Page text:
It turned out to be a really pivotal moment in our growth, because we managed to support Adobe, and they had a wonderful experience on the platform, and then they became this incredible marquee customer that really helped us lean into the bigger end of town over time.

How do you go about dealing with custom feature requests from enterprise customers? How do you make sure you're building the right things?

It's still a challenge today, to be honest. Today, some of our biggest customers have more than 100,000 employees. 

When a very big, valuable customer comes along and says ‘we need you to build this’, there’s a fair bit of weight to the request. But the risk is that you say yes to too many of these requests and it just whiplashes your roadmap from side to side. It actually makes it very hard for you to remain the master of your own destiny and actually execute your roadmap.

My rule of thumb is that most of the time, you should say no to feature requests. And the reason you're saying no is because you're saying yes to something else.

Behind every no, there's a yes, which is hopefully something that’s more strategically important to you, and helps you remain on your own path. 

But it’s never a really simple decision. In the early days, sometimes it's totally fine to say yes to produce that runway. You've just got to be deliberate in how you make the decision. 


Part five: From bootstrapped to Series A

You bootstrapped at the start of your journey. Why did you choose this route, and what are the trade-offs in your mind between raising or bootstrapping?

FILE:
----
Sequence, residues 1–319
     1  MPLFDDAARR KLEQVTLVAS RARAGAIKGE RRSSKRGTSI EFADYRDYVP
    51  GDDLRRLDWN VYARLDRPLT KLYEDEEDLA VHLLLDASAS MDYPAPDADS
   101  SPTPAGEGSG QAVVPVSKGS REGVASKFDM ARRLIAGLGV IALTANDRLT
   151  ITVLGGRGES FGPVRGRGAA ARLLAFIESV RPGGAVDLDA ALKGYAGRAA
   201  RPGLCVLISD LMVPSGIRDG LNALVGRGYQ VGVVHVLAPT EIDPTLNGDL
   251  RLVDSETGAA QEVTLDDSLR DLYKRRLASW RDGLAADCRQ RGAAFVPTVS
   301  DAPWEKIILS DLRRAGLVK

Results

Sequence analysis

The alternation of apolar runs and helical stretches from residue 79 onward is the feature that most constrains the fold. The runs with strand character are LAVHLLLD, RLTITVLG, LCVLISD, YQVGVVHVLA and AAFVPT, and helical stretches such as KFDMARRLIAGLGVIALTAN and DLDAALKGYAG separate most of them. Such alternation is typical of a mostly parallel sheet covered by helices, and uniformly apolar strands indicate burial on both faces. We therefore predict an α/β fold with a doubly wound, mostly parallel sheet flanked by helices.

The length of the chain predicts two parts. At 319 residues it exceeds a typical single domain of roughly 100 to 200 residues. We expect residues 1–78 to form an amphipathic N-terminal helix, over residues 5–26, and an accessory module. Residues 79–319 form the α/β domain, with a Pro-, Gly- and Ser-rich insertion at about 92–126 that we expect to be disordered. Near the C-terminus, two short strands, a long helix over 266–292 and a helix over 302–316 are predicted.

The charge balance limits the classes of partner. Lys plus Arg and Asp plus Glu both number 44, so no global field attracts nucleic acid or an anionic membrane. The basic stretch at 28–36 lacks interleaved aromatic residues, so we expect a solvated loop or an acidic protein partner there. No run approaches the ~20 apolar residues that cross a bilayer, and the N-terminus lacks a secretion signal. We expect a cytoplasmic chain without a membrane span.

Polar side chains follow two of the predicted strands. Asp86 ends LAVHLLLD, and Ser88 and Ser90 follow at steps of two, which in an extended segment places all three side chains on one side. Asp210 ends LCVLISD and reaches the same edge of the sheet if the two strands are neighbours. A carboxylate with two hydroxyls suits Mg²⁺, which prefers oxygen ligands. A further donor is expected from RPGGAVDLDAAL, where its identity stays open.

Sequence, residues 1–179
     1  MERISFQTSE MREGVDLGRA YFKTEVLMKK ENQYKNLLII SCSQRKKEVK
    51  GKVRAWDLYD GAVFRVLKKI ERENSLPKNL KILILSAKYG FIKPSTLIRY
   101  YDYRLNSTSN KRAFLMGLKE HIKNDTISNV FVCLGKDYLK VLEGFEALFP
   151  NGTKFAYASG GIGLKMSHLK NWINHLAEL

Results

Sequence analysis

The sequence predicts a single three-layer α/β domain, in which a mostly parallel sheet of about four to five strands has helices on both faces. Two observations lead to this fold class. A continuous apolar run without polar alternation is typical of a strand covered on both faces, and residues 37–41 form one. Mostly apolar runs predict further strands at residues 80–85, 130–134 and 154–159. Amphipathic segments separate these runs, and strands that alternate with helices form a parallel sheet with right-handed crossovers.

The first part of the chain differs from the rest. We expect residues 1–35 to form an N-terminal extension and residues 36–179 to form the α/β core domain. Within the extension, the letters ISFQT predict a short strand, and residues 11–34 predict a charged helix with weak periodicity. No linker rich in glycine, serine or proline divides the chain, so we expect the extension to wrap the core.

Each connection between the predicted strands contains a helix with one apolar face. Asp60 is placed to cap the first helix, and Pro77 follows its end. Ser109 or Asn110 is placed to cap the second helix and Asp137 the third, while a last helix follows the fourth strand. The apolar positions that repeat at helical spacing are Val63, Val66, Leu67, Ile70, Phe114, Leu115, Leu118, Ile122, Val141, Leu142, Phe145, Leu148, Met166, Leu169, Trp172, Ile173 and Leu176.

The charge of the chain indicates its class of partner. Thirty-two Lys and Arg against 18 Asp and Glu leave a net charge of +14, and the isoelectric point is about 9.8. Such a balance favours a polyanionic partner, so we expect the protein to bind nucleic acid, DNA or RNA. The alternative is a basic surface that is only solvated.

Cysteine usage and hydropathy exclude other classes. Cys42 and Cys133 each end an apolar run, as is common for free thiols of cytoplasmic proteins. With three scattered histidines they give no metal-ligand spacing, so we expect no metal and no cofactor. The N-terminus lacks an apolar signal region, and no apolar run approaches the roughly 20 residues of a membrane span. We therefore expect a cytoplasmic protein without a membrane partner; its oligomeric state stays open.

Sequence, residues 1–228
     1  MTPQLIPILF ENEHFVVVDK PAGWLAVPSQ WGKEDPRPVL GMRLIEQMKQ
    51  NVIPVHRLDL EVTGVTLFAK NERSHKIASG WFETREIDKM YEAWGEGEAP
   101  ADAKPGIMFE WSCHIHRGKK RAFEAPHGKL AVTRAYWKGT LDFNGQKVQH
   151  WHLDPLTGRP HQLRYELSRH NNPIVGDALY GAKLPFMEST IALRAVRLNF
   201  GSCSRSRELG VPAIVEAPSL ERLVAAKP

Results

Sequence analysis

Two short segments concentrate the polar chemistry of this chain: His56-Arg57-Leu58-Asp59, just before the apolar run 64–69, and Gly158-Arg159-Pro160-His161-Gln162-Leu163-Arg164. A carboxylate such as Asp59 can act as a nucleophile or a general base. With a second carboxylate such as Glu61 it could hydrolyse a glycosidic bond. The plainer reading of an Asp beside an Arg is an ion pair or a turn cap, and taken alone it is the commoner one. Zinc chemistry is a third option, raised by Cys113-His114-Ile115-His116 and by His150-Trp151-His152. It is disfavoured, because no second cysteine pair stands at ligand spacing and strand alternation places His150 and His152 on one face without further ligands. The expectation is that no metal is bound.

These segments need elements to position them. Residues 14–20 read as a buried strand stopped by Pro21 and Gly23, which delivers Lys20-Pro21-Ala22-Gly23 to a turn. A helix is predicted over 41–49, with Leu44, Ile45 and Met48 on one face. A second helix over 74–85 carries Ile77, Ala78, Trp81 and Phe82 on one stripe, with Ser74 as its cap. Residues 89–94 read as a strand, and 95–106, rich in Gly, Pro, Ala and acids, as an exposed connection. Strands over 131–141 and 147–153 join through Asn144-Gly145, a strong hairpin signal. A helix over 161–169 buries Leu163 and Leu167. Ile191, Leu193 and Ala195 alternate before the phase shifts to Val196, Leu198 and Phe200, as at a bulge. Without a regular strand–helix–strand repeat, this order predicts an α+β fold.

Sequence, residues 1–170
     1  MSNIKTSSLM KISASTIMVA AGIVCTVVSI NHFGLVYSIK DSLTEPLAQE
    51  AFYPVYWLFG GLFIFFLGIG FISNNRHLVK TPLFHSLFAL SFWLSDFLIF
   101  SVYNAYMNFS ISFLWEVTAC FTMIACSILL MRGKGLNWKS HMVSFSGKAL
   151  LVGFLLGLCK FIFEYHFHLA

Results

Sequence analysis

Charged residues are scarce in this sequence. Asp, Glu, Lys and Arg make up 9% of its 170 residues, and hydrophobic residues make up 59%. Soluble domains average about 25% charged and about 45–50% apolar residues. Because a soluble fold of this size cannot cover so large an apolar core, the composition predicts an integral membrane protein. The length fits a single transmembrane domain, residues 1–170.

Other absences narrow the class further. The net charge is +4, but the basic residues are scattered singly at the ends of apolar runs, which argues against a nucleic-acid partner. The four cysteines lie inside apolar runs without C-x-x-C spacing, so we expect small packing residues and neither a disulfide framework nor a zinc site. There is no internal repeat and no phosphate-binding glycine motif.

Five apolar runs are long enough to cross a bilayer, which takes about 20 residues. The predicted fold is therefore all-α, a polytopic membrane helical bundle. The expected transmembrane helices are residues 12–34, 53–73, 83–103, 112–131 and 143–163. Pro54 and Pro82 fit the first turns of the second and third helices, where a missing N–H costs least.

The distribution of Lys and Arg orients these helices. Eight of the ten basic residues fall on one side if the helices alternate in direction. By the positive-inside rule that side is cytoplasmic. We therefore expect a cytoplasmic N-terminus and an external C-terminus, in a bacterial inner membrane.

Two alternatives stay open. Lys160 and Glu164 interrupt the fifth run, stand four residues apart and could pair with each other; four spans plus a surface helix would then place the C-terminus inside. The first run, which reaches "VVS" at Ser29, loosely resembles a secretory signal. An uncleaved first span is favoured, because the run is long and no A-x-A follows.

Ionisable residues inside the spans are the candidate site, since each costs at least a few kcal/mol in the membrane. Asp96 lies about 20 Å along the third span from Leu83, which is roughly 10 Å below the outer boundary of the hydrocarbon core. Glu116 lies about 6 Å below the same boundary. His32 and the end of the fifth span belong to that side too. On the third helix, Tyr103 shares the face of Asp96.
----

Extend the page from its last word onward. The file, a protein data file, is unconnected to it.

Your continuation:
It's an interesting thought process. I think we were bootstrapping for about three or four years.

A big reason for this, early on, was the fear of losing control. We worried that an investor would come in, and we’d suddenly lose control of all our decision-making rights and be put on a certain path. That was one of the fears I had.

The tipping point was actually a conversation with Scott Farquhar, who was one of our advisors in the early, early days. He said to us: ‘You have a product that your customers love, you have no clear competitors, you've got a plan and clear blue water in front of you, it's time to put the foot down, because others will notice that traction in time and other startups will come into the space.’

And that was when we raised our Series A with Felicis.

Given the time again, I would probably raise a little earlier. It enables you to start to get specialists into the business who are really good at the sorts of problems you need to solve. Up until then, we were a whole lot of generalists who were good at a bunch of different things. 

Funding really allows you to lean into some more specific things you need to scale.

Once you decided to raise, how did you tactically go about finding your lead investor?

The process was basically, go to San Francisco, and meet as many investors as you can, until you find someone who gets it.

I remember meeting with investors who said: ‘Why the hell would a company survey their employees and ask them for feedback? That doesn't make any sense at all.’ 

You have to work through it until you find an investor that really resonates with your idea. And that was the thing about Felicis for us. Aydin Senkut and Wesley Chan really believed in the culture and what we were trying to do. 

Personally, I remember I found the investing process really confusing the first time through. It was an intimidating process.

I would read venture deals, get super confused, google it, finally understand what it was that they were talking about, and then you'd have no idea if you actually were getting a good deal or not. 

What helped us is going and talking to founders and people who had been through the investment process, especially with the particular VC you're going to strike a deal with. Lawyers are useful as well. You’ll always get different opinions, so pick who you trust, and focus on their advice.